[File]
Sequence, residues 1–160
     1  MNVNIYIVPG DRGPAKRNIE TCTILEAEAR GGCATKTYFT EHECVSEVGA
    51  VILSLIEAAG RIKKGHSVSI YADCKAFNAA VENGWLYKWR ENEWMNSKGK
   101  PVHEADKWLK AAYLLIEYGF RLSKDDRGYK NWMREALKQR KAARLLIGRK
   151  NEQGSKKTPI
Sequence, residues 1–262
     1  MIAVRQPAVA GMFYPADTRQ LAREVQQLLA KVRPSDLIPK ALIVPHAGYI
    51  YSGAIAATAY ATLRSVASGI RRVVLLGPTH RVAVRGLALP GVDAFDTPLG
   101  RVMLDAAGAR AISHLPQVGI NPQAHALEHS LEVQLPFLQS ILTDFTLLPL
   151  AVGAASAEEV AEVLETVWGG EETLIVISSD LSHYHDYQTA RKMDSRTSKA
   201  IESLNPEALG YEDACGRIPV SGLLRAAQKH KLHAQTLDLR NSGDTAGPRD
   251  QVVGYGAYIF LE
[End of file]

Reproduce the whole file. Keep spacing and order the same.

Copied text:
Sequence, residues 1–160
     1  MNVNIYIVPG DRGPAKRNIE TCTILEAEAR GGCATKTYFT EHECVSEVGA
    51  VILSLIEAAG RIKKGHSVSI YADCKAFNAA VENGWLYKWR ENEWMNSKGK
   101  PVHEADKWLK AAYLLIEYGF RLSKDDRGYK NWMREALKQR KAARLLIGRK
   151  NEQGSKKTPI
Sequence, residues 1–262
     1  MIAVRQPAVA GMFYPADTRQ LAREVQQLLA KVRPSDLIPK ALIVPHAGYI
    51  YSGAIAATAY ATLRSVASGI RRVVLLGPTH RVAVRGLALP GVDAFDTPLG
   101  RVMLDAAGAR AISHLPQVGI NPQAHALEHS LEVQLPFLQS ILTDFTLLPL
   151  AVGAASAEEV AEVLETVWGG EETLIVISSD LSHYHDYQTA RKMDSRTSKA
   201  IESLNPEALG YEDACGRIPV SGLLRAAQKH KLHAQTLDLR NSGDTAGPRD
   251  QVVGYGAYIF LE